I live in the suburbs and have one of the biggest yards in the nighborhood because of the power lines that run overhead on the east side since they can't build a house under them. I have a half acre and I would take up the whole yard with a Garden but my mum wouldn't like it or my dog wouldn't either. I think I am going to till the soil underneath my boxes to remove the grass. I also think I will do 4 - 4x12 gardens and I don't know about depth. I mainly wanted to keep it more shallow because of the amount of dirt needed and how much it costs but I figure its an investment so I'll go up to 6 or 8 inches.


    Bookmark   September 28, 2009 at 12:26AM
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Your information is very helpful even though it gets me into a lot more needed work. I will go for 6 inch depth in my beds. Around here the soil is kind of poor, well the home builders took all the top soil off and sold it but thats typical. We have somewhat clay-ey soil, and matter of fact there's a clay company based out of town where they refine it and all about 5 miles from my house. My yard is not too clay-ey though my grandmother's a mile away is.
Well anyway. Looks like I got a plan going. Call about top soil and some compost soil tomorrow(I have only a small compost heap not enough for what I need) Buy the lumber. Mark off area to till. Till around a few inches, remove grass clumps. Cut and construct lumber boxes. fill with dirt and wait for spring. Hopefully It's won't rain a lot this week we have had non stop rain past few days. I was also going to put a few inches of leaves on my beds to let compost over the winter thing that will help?

Also potterhead2 how many raised beds do you have and how big, I'm just curious.


    Bookmark   September 28, 2009 at 11:04AM
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potterhead2(z5b NY)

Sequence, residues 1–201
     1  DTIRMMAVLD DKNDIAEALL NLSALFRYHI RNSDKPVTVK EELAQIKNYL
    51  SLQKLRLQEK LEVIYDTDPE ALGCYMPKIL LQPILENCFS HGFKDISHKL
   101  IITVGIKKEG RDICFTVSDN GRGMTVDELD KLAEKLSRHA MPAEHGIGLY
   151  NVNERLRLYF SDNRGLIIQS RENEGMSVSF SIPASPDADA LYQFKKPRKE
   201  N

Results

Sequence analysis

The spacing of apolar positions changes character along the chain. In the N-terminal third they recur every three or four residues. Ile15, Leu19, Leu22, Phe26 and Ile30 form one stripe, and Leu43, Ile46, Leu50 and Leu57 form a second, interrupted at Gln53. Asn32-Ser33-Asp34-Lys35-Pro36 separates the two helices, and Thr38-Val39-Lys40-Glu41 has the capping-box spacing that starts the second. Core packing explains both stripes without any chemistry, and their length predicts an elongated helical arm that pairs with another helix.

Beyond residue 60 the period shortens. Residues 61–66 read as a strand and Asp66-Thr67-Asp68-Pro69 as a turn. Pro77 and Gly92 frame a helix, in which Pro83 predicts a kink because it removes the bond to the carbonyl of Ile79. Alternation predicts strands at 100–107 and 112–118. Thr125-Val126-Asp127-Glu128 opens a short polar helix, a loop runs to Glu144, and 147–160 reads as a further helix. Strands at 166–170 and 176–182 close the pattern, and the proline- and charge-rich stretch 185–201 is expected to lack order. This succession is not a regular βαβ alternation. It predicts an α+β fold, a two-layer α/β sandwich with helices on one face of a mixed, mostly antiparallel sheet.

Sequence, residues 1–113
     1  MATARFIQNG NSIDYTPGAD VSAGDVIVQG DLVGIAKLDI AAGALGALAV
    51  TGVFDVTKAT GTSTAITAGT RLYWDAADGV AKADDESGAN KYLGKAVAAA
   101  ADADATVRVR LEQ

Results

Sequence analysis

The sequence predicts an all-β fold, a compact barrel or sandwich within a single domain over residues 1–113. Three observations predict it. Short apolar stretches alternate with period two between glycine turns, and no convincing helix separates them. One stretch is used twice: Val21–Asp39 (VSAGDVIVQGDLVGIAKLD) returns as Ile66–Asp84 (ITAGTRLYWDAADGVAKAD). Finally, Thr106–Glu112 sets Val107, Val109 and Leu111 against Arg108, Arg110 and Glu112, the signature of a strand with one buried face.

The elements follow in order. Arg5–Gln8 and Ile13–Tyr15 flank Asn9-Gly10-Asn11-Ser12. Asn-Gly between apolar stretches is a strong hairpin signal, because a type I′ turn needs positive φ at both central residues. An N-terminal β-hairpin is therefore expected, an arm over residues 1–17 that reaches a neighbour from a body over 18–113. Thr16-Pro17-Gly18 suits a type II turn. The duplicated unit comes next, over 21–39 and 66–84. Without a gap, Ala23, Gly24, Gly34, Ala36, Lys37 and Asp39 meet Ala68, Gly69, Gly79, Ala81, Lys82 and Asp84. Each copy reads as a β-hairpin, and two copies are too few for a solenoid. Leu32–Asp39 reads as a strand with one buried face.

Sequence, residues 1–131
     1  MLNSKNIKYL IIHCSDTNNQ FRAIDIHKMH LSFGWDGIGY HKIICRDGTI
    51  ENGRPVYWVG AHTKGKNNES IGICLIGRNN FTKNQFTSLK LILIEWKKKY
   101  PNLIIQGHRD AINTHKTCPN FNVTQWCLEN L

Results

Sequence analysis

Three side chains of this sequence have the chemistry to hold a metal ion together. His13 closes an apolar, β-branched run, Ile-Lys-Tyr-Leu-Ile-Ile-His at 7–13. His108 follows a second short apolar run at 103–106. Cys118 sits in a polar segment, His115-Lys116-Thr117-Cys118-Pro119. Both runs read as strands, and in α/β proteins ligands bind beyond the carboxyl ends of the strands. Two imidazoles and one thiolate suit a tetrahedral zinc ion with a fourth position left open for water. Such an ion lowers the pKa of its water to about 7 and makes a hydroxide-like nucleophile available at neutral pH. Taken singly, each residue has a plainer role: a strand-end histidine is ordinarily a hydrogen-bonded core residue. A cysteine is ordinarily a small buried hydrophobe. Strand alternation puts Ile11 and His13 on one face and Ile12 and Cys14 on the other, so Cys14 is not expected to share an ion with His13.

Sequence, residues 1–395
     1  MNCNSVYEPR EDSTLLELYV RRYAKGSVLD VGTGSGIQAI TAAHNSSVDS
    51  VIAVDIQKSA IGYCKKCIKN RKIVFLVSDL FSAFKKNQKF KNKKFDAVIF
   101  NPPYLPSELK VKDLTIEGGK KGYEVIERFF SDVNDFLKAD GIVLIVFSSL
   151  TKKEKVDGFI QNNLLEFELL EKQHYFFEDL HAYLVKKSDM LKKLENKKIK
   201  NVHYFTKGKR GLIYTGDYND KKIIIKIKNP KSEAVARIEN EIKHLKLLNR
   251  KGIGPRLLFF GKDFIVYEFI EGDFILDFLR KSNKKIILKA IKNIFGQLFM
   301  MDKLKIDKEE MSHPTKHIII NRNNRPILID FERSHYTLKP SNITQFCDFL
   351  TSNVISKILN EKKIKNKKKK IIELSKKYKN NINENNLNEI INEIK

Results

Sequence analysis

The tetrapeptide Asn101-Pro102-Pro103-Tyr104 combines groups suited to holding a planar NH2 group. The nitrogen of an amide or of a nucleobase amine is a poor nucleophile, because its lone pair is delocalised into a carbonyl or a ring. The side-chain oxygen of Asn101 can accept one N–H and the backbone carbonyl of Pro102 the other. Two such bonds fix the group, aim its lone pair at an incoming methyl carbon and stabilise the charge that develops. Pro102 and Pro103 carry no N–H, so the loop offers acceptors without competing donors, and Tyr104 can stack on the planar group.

Leaves are great for your soil, just shred them first (you can run over them with a lawnmower) and dig them right in to the soil in the fall. You can also put them on top in spring as a mulch around your plants. The best is if you mow the grass with some leaves on it and collect this. The mixture of shredded leaves with grass clippings will decay over the winter and be fabulous.

My garden is 12' x 28' fenced (we have lots of deer). It is kind of bull's eye in design (although a rectangle - not a circle). I have 2' wide beds that run all around the inside perimeter up against the fence, then a 2' path and a 4 ft x 20ft bed in the middle. I graphed out several designs for the space and this one gives the most growing area compared to paths.

I would have a larger garden but the family wants some lawn too (go figure!). I do also sneak some winter squash at the edge of the lawn which trail off into the unmowed slope.

To get the most out of your space do a lot of trellising. Also do some research on what varieties take the most space. For instance Dwarf Curly Kale is much more compact than Red Russian and I think I get just as much many leaves. The biggest space hog I have is zucchini, which doesn't trellis. Next year I'm going to try Zuchetta (Trombocino Ramicante) instead of Zucchini. It supposedly tastes the same but it can be trellised.

Congratulations on getting started with home gardening. You'll find it's very addictive. Check back in here often to keep us posted.

    Bookmark   September 28, 2009 at 12:07PM